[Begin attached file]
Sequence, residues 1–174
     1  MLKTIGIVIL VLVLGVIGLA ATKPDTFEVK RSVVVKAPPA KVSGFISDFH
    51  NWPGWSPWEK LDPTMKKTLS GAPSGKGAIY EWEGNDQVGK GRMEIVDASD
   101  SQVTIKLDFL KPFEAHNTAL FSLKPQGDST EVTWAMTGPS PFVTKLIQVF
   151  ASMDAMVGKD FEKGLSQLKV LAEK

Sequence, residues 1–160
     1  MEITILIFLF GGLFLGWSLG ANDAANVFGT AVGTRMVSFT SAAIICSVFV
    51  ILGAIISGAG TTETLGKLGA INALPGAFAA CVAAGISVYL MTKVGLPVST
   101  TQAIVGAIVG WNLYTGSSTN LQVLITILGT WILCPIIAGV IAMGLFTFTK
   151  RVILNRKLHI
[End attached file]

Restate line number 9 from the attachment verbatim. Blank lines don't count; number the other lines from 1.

   101  TQAIVGAIVG WNLYTGSSTN LQVLITILGT WILCPIIAGV IAMGLFTFTK